Tag Archive for: Fraud

What is the most difficult type of procurement-related fraud to detect? In my book, Bad Buying, there are plenty of examples of different fraud, some related to dodgy invoicing, fake suppliers or invoices, purchasing card fraud and more. But perhaps the hardest to detect are around collusion between a buyer (or someone else with power “on the inside”) and a supplier, with “backhanders” being paid in return for favours or preference shown to the supplier.  

Last month a case that goes back some 10 years finally came to its conclusion. Not only did it have that sort of collusion at its heart, but it was also interesting to us because the victim was a firm well known in the procurement world – services firm Achilles, who run supplier qualification, risk and information services across industries including construction, transport, and energy.

Back in 2011, their interim head of IT, Brian Chant, led the process for choosing an IT supplier to whom Achilles would outsource significant work.  However, the firm that was successful in winning the work, with Chant’s endorsement, also paid him some £475,000, according to the evidence presented in court. As the Register website explained,

“Unknown to Achilles was the fact that Chant, of Andover in Hampshire, had quietly approached the eventual winner beforehand to hand-hold them through the procurement process – and to arrange a hefty secret margin straight into his wallet”.

Chant left Achilles and joined Hampshire Police as its head of IT in October 2014 – a post he held until his arrest in 2016. But only now has the case been resolved. It seems that the criminal activity was discovered by the tax authorities initially, who were looking at VAT claims made by the IT company relating to invoices from Chant’s consulting firm.  That led on to the criminal investigation, and finally to Chhant being sent to jail for 6 years.

What makes this type of fraud so hard to spot? Well, particularly if the contract is in a specialist area, it may be difficult for others in the buying organisation to realise that the fraudster is pushing the supplier selection decision in a particular direction. It may even be that the favoured supplier is not a bad choice (outside the corruption issue), and there may be no obvious losses to the organisation on the buy-side.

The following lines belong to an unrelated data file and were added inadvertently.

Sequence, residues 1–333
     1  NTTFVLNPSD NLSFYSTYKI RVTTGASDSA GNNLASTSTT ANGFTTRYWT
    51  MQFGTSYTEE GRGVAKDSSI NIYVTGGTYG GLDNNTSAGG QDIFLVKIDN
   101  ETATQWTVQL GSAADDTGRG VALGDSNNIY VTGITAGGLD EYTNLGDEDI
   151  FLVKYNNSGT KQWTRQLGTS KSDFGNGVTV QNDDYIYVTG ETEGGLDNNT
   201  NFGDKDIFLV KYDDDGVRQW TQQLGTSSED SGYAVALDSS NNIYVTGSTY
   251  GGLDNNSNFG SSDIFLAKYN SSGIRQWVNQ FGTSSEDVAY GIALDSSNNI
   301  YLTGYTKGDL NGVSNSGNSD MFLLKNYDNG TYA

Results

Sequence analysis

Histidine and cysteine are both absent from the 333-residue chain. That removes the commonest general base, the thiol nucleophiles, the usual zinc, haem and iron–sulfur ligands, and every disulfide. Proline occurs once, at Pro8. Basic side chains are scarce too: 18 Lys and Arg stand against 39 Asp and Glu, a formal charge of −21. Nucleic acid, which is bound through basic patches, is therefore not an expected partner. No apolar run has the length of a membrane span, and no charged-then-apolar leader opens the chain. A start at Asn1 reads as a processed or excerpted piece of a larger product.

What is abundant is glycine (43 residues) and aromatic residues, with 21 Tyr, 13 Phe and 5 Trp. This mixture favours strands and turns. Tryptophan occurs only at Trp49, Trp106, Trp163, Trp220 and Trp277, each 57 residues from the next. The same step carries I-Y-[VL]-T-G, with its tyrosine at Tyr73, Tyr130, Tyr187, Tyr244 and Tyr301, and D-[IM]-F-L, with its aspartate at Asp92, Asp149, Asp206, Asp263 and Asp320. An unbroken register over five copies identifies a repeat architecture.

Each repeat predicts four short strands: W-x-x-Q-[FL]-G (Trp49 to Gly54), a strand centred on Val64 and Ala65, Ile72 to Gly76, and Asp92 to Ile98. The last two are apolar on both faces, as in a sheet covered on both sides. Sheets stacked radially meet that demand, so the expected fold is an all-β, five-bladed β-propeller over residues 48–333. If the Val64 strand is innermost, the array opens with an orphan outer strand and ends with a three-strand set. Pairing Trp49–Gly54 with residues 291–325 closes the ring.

You also don’t have the ongoing potential evidence and chance of discovery that exists if, for instance, fake invoices are being submitted for payment, or someone is spending money outside policy on a purchasing card. Unless the payments from the supplier to the crook are picked up, then it is hard to gather evidence of this sort of behaviour.

What seems odd in this case is that the supplier and the people involved at that firm have not been named or – as far as we can see – prosecuted. I’m curious how they have avoided that. It’s hard to see really how they could have thought these were legitimate payments to Chant’s firm.  It feels like other customers of that firm deserve to know its identity, apart from anything else.

So what can you do to try and avoid this sort of fraud? A strong procurement function (or even a single person for smaller firms) can help ensure that supplier selection processes are structured and as objective as possible. Involving multiple people in the analysis and the decision-making also helps, and of course, you should also ask those involved in procurement if they have any conflicts of interest. However, someone who is capable of fraud probably won’t worry about lying at that point!

Today, our final two Bad Buying awards for 2021!

Creative Fraud:  I-Tek, its Owner and Staff

Multiple Fraud Related to Imported Goods (and more…)

This case may seem relatively small compared  to  some of the mega-waste examples we have seen this year, but what made it a worthy winner was the way it combined three distinct types of procurement fraud in one rather neat package.

Beyung S. Kim, owner of Iris Kim Inc, also known as I-Tek, and his employees, Seung Kim, Dongjin Park, Chang You, Pyongkon Pak, and Li-Ling Tu, pleaded guilty to a procurement fraud scheme involving millions of dollars in government contracts over several years, mainly supplying various US defence agencies. They were sent to prison in August 2021, after providing everything from swimming trunks for West Point cadets to spools of concertina wire. The problem was that the goods were made in China, but were illegally re-labelled to look like US-made products. That violated the terms of the contracts as well as laws that stipulate certain contracts must be fulfilled by US-made products.

The second fraud came when investigators found that an employee who was a disabled military veteran was listed as the firm’s president in some bids – but he wasn’t. That meant the firm was eligible for contracts reserved for companies owned by disabled ex-service people. (We’ve seen a number of frauds of that nature in recent years, so of which are featured in my Bad buying book).  Finally, the conspirators also submitted false documents and lied about the value of the goods imported into the U.S. to avoid higher duties and taxes.

All in all, a pretty wide-ranging procurement fraud, covering several relatively common areas of illegal behaviour, adding up to an impressive winner of the Bad Buying Creative Fraud Award.

…..